Environment and Security
Environment and Security / 37
Ferghana / Osh / Khujand
Kand-i-badam (Village of the Almond) is a depen- dency of Khujand; though it is not a full-fledged township, it is close to one. Its almonds are excellent, hence its name.
Threat of criminal action
Asia is likely to be a significant shortage of water associated with significant increase in surface air temperature (IPCC, 2001). Risingpopulations andhighpopulationdensities in fertile areas, such as the Ferghana valley, will increase the pressures on the availability and quality of water. The agricultural sector, which constitutes the backbone of the regional economy, would clearly be affected by a reduction in water availability. In the long run most climatic projections suggest a high tem- perature increase in the Syr-Darya Basin ranging from 2°C to 3°C-5°C (moderate scenario), and in excess of 5°C-6°C (worst case scenario) by the end of the century (assessments by Uzbek and Tajik Hydro-meteorological Services). The impact on the Syr-Darya basin in general, and the Ferghana valley in particular, will range from minor to severe. Water shortages and problems with quality, already an issue in the Ferghana valley (see section on water, above), are unlikely to improve. Land conditionsmayworsen as desert areas expand, and land claimswill gain additional force (see land section). Potential de- creases in food production (rice, cereals) and possible spread of vector-borne and infectious diseases will affect vulnerable population groups, primarily the poor, elderly and children. Finally, there is every cause for concern that the frequency and intensity of extreme weather events and the impact of natural disasters is increasing worldwide (for specific impacts within the Ferghana valley please see sections on industrial activities and hazardous waste, and natural disasters above). As mentioned in the section on water, outbreaks of water- related diseases (typhoid fever, malaria and hepatitis) have recently been registered in several parts of the Ferghana valley, affecting all three countries. Two points should be noted. State borders have little effect restricting the spread of disease. Outbreaks of this sort (such as typhoid near Tajik-Kyrgyz border) thus contribute to tension in the same way as chemical pollution. Secondly, with regard to all the problems examined here, hazards with a clear, immediate impact on health (radioac- tive waste, toxic chemicals, air pollution, etc.) cause the greatest public anxiety and attract the most attention. Public health is consequently an important factor when prioritizing environmental threats to security. Public health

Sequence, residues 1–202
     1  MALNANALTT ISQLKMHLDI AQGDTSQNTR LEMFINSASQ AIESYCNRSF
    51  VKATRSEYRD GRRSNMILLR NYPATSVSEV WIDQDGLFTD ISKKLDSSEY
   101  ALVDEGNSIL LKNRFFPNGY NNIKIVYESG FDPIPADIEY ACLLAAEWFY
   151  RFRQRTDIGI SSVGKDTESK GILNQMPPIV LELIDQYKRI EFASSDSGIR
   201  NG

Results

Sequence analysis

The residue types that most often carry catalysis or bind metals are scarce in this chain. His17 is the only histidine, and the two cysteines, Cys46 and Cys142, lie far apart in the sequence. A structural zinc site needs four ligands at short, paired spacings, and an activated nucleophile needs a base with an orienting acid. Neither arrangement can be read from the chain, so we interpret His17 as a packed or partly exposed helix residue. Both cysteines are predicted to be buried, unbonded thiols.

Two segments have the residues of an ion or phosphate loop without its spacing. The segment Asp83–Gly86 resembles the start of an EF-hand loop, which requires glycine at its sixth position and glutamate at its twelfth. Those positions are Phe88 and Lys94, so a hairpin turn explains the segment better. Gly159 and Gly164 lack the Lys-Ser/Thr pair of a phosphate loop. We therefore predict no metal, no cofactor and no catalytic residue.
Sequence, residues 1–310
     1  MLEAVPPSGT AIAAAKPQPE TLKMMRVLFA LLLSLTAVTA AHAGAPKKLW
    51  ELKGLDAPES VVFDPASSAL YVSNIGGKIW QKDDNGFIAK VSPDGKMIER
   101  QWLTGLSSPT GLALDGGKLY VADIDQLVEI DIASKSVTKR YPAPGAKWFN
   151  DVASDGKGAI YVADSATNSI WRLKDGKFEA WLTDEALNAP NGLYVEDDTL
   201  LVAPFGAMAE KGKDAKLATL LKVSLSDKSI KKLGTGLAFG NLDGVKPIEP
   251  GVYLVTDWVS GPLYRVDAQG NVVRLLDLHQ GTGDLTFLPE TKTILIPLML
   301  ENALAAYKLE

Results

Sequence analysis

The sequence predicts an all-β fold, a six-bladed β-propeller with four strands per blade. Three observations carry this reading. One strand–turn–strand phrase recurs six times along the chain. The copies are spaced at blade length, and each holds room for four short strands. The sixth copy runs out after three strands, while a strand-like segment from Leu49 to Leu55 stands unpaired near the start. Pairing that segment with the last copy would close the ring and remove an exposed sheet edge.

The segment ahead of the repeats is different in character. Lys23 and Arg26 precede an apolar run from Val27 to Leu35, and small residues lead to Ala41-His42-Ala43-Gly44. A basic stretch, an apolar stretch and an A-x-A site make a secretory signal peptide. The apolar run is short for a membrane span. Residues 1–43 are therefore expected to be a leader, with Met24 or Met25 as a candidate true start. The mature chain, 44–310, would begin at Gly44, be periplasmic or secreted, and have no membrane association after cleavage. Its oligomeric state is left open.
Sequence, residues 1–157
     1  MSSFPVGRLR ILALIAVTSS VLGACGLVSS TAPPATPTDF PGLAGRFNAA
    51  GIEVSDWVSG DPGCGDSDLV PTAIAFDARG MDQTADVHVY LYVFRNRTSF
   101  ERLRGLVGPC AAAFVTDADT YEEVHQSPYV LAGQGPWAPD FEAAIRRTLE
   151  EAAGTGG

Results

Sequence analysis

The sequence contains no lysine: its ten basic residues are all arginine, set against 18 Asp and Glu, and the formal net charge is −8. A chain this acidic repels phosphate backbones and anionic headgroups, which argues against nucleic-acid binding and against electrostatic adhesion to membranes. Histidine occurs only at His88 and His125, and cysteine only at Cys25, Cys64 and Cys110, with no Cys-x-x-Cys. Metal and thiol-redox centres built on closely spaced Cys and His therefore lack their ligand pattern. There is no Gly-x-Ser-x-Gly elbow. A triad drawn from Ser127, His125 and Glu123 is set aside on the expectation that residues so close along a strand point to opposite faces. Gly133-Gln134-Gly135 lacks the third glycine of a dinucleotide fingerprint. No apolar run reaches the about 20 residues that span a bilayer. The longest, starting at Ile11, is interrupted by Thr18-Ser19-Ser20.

Mention should be made of the issue of imaginary military action and terrorist acts potentially directed against critical infrastructures whose failure could have dramatic environ- mental consequences. Examples are dams (Papan in the Osh province, Toktogul reservoir but also Lake Sarez in Tajikistan) or transport networks (such as railroads). Clearly a successful attack on this type of target could have a disastrous effect on large parts of the area. Even more worrying are criminal attacks on sensitive in- dustrial sites and recurrent thefts of quicksilver from the Khaidarkan mercury plant, which demonstrate how easy it is to overcome local security measures. For all the issues above, there is the need and the potential to strengthen cooperation between the various institutions involved, both state and otherwise. Whereas cooperation among national authorities has in many cases been rather successful (for example with re- spect to national environmental ministries, meteorological agencies, emergency response bodies), local cross-border cooperation and dialogue between similar bodies is limited. For example, since the late 1990s there has been no sys- tematic mechanism that would enable local environmental authorities from different countries in the Ferghana valley to regularly address common issues. Similar problems exist for local mass media organisations and NGOs; these groups usually have more opportunity to interact through informal networks, but are hindered by the same cross- border communication difficulties as the local authorities and the rest of the population. Furthermore, inside their own countries both groups still face challenges accessing reliable up-to-date information from official sources – not least because state and espe- cially local authorities lack the resources to collect and disseminate it 38 . This lack of a dialogue reduces scope for efficiently pro- moting understanding of issues and solutions, which is particularly important for environment and security issues, with their high charge in terms of ‘perception’. Environmental dialogue and access to information
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